Lockheed and Raytheon’s profits for 2013 are expected to increase due to tax credits the companies could claim for research and development as per the tax contract signed into law by Obama in February 2013. The law that would extend the tax credit is expected to add 23 cents per share to Lockheed’s earnings in 2013 and about 15 cents per share to Raytheon’s earnings.

Raytheon forecast that its earnings from continuing operations for 2013 would be $5.16 to $5.31 per share. The average of 22 analysts compiled by Bloomberg expects earnings of $5.46 per share on sales of $24.1 billion. During the fourth quarter of 2012, Raytheon’s profit from continuing operations for 2012 was $466 million, or $1.41 per share, as compared to $539 million, or $1.56 per share, in the fourth quarter of 2011. According to Dave Wajsgras, the Chief Financial Officer of Raytheon, the company has a record backlog of orders “that bodes well for the next two to three years. It also has a very strong pipeline of opportunities internationally.” The company’s international sales may increase by 3%-5% in 2013 offsetting a similar decline in sales domestically.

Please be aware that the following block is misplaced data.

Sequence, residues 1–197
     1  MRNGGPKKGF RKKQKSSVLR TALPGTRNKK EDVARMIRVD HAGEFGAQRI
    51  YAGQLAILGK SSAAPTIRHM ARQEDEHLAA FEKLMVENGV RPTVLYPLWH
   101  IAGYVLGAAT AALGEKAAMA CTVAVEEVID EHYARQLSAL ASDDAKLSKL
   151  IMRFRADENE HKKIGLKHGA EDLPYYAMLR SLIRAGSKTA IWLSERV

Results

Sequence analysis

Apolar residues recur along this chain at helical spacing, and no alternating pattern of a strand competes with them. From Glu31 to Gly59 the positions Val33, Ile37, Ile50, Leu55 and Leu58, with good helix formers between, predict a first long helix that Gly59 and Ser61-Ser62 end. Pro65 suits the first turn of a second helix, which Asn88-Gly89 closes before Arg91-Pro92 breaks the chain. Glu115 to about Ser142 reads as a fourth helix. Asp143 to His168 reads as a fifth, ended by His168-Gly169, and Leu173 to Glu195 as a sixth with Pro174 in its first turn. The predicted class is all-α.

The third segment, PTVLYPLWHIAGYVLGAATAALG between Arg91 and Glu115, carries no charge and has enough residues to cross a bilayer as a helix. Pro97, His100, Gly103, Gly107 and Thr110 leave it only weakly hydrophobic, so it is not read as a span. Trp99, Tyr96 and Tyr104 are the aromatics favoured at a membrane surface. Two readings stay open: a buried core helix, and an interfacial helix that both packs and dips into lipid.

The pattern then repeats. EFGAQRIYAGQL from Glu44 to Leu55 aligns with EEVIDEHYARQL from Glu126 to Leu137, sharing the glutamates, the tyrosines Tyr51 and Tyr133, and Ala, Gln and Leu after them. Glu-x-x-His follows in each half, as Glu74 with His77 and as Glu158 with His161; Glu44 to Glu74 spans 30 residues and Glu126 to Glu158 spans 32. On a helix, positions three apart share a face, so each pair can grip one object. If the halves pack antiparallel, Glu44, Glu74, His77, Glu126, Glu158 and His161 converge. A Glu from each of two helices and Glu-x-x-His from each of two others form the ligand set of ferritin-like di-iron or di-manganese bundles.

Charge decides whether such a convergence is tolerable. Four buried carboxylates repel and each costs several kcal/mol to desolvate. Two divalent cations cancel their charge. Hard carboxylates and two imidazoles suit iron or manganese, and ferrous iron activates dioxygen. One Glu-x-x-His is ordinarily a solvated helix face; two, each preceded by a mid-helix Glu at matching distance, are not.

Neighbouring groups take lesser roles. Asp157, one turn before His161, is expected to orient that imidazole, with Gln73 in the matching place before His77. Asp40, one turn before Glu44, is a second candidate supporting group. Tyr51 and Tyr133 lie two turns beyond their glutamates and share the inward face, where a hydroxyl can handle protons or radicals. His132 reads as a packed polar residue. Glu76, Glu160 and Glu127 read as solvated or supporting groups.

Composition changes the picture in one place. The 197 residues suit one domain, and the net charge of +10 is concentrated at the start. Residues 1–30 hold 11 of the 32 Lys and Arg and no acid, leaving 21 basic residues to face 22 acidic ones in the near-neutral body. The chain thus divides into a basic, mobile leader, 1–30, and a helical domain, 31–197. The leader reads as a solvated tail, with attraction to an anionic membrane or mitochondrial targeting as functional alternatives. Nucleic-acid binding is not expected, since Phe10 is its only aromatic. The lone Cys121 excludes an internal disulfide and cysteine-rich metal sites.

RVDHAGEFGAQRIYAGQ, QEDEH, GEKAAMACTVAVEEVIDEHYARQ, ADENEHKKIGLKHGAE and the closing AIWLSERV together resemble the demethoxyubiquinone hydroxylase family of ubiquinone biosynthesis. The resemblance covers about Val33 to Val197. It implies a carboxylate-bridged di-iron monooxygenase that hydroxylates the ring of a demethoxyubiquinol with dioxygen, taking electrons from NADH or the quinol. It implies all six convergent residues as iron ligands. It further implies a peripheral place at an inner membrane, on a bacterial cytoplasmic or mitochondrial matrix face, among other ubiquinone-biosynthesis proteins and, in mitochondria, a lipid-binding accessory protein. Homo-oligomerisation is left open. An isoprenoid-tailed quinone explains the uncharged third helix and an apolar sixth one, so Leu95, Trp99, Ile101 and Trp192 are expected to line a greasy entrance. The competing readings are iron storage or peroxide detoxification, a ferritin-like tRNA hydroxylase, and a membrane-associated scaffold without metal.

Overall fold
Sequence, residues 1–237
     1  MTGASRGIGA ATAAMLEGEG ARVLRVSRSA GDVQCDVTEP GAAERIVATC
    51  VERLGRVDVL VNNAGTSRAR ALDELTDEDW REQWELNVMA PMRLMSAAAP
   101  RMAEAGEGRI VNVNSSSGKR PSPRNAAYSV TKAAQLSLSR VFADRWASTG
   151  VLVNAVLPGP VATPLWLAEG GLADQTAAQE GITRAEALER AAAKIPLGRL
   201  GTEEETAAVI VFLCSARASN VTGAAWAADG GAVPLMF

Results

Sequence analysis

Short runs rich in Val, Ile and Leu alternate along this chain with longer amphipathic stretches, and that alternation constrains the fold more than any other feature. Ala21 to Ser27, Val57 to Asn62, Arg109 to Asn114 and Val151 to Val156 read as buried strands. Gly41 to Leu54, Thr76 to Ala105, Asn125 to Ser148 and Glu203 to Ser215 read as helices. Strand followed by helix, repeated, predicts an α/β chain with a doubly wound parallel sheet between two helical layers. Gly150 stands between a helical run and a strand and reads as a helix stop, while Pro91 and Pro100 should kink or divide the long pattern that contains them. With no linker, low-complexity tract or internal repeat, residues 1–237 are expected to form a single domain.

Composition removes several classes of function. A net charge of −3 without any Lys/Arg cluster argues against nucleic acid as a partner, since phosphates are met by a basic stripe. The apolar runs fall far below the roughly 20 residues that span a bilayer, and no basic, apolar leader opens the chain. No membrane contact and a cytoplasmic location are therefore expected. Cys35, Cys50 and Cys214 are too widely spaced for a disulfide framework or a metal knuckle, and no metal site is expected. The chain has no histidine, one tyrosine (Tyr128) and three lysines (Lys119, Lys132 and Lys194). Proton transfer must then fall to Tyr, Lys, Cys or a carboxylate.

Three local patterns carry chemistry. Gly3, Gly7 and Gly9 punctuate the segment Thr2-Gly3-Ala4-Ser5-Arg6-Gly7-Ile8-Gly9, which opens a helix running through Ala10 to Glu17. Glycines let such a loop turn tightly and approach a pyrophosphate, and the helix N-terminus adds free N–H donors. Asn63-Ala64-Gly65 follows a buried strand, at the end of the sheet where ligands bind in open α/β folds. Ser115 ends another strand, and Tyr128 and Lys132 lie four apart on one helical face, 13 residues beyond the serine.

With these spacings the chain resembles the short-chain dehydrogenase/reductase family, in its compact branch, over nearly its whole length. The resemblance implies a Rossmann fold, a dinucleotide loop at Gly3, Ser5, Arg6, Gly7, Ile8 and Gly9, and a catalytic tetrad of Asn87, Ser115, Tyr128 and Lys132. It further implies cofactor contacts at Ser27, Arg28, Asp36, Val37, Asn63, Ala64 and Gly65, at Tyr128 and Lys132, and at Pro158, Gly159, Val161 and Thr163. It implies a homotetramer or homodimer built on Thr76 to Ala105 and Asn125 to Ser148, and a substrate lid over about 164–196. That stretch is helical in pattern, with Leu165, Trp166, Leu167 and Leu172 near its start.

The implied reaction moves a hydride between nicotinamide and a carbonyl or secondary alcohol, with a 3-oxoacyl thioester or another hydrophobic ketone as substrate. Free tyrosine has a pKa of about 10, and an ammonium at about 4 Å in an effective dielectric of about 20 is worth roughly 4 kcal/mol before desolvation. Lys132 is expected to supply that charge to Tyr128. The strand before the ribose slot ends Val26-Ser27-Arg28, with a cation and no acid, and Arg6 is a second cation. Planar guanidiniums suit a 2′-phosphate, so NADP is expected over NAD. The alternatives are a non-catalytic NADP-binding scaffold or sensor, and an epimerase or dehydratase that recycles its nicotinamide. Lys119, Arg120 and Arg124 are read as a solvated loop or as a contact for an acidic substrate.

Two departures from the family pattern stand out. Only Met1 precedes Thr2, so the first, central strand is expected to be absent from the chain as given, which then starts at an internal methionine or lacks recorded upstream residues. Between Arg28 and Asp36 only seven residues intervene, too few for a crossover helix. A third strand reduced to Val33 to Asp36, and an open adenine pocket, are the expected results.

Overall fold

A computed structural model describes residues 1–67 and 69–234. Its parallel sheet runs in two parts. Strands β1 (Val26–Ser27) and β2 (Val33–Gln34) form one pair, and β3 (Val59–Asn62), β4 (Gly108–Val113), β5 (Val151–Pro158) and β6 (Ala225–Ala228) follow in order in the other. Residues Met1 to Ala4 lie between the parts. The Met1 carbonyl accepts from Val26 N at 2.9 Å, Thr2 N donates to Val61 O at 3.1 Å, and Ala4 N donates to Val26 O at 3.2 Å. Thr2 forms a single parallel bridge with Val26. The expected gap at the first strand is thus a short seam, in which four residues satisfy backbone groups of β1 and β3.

Northrop Grumman (NYSE: NOC) reported that it fourth-quarter earnings fell 2.7%, but expects that its 2013 earnings would exceed analysts’ estimates. The company’s net income from continuing operations was $533 million, or $2.14 per share, as compared to $550 million, or $2.09 per share, during the previous year. The company’s sales dropped 1% to $6.48 billion.

The average expected earnings per share from 20 analysts compiled by Bloomberg is $1.74 per share. The company expects profit in 2013 from continuing operations of $6.85 to $7.15 per share on sales of about $24 billion. According to Chairman and Chief Executive Officer Wes Bush, the company has divested low-margin businesses, including shipbuilding, and reduced jobs to enhance its earnings. The company has reduced its workforce by 16%-17% and plans to reduce the square footage of facilities by approximately 12%.

Boeing (NYSE: BA) is already under pressure with the grounding of its 787 Dreamliner and union engineer labor issues, which would threaten its upheaval as it tries to fix the plane and resume deliveries to customers. The company is focusing on boosting the jet production to pare a seven-year order backlog and develop upgrades for three models. According to Brad Lawrence, Chief Executive Officer of Esterline Technologies, “To have your engineers’ union be this disconnected that it would walk out right when your company needs you most, it would just be horrible.” According to Bloomberg, Esterline derives 8.9% of its revenues from Boeing.


Northrop Grumman is attractively-priced with low valuation multiples and manageable debt levels: